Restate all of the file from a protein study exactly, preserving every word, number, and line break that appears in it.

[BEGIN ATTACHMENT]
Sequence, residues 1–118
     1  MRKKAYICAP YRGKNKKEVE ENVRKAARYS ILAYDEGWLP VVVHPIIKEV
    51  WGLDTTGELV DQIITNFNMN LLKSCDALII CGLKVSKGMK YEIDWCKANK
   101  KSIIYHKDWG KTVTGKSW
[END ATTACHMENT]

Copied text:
Sequence, residues 1–118
     1  MRKKAYICAP YRGKNKKEVE ENVRKAARYS ILAYDEGWLP VVVHPIIKEV
    51  WGLDTTGELV DQIITNFNMN LLKSCDALII CGLKVSKGMK YEIDWCKANK
   101  KSIIYHKDWG KTVTGKSW